Classic by any definition: Aristotle’s standards and their application to Abhijñāna-Śākuntalam

This article is part 4 of 4 in the series Aristotle and Shakuntalam

The irrational and the super-natural in the play


In Aristotle’s view, there should be nothing irrational (i.e., grossly contrary to what is plausible or intelligible – Stephen Halliwell [1]) in the events; if there is, it should lie outside the play (16: 5-6). It distracts the audience that is closely following the play and are convinced of the events, when a supernatural element suddenly intervenes. The staging of anything irrational, when exaggerated, could also reduce it to a farce and render it ridiculous in the eyes of the audience. Thus, it is a great challenge for a poet to strike a balance and bring in irrational elements only where they are required to strengthen his plot, without aesthetically rupturing the play.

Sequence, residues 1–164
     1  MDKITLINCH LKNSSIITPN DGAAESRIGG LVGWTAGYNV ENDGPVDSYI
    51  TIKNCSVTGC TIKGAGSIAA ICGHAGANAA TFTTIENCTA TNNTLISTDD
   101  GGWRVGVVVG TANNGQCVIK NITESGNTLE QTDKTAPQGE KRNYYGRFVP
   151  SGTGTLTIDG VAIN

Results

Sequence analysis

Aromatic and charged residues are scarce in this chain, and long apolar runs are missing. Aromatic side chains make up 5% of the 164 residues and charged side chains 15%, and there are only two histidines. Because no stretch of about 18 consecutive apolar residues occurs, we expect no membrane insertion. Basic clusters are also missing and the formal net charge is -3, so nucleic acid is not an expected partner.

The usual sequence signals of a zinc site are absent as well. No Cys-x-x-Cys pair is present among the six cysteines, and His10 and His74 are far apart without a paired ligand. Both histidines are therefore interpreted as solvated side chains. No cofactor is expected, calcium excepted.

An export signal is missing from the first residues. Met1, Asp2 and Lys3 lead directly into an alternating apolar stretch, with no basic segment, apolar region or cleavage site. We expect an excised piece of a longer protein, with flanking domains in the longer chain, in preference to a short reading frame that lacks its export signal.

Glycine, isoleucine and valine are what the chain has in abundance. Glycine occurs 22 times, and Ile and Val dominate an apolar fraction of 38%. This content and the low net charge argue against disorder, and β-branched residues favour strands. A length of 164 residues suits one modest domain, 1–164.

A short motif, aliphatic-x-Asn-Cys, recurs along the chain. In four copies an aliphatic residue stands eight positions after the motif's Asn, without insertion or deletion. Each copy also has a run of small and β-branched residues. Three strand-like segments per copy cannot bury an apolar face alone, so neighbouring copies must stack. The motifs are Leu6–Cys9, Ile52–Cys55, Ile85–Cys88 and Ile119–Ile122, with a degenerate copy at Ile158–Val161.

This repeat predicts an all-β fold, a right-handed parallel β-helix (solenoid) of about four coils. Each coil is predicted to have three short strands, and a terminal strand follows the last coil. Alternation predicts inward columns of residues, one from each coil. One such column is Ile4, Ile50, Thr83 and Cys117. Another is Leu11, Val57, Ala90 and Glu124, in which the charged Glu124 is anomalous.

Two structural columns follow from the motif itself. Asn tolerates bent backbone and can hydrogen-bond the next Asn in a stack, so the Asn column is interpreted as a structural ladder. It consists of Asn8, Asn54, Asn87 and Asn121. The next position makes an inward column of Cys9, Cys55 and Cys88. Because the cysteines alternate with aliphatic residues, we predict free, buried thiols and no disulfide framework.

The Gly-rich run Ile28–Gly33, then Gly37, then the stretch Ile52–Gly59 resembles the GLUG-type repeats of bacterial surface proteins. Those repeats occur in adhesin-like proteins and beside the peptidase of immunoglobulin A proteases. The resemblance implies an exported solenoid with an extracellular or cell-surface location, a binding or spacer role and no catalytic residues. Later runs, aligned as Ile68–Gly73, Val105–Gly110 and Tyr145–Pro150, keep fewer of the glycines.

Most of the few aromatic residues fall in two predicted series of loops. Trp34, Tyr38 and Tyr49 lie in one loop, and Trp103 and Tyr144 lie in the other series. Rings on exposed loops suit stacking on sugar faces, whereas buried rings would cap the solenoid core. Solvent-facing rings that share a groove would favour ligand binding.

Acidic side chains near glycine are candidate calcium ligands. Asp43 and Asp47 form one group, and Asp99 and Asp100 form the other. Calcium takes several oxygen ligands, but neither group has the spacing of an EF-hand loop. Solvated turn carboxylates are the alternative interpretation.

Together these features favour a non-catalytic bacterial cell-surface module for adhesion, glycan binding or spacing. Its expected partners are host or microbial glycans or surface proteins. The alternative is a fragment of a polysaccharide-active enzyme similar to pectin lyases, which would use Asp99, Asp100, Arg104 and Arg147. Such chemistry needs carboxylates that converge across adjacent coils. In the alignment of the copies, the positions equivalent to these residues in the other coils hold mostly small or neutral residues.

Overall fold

Kālidāsa sticks to this rule throughout the play. He only makes his characters report a super-natural incident, without ever bringing them on to the stage. Super-natural elements are irrational too, as they are beyond reason and universal human experience, but certain story-lines do demand evocation of the supernatural to bring sublimity to the narrative. Durvāsa’s curse is heard behind the scenes and is not shown on the stage (Verse 4.1). We also hear Priyamvadā’s report of his arrival, and how he relented and defined an antidote to the curse.  We also get to know through her words that the sage Kaṇva came to know of Śakuntalā’s marriage to Duṣyanta through an incorporeal metrical utterance (शरीरं विना छन्दोमय्या वाण्या). This incident is not shown on the stage. Furthermore, the boy Nārada brings ornaments for Śakuntalā and says that they manifested from the trees through the spiritual powers of the sage Kaṇva (तातकाश्यपप्रभावात् and Verse 4.5). This magical manifestation of objects is not staged by Kālidāsa and is only reported. In the Fifth Act, after Duṣyanta sends off Śakuntalā without acknowledging or recognizing her, we learn from the words of the Purohita that a flash of light in female form lifted her up and vanished (Verse 5.30).  This is yet another instance where Kālidāsa only has one of his characters report an incident and does not bring it on stage. In the Sixth Act too, the episode where the Vidūṣaka is taken away by an invisible force is reported from behind the scenes and is not staged. Mātali then appears on the stage after having released the Vidūṣaka and requests the King’s help in vanquishing demons. Thus in all these instances, Kālidāsa has always intelligently placed the irrational out of the stage, and then makes a reference to it, either by letting a character recount it, or as comment voiced from behind the screen.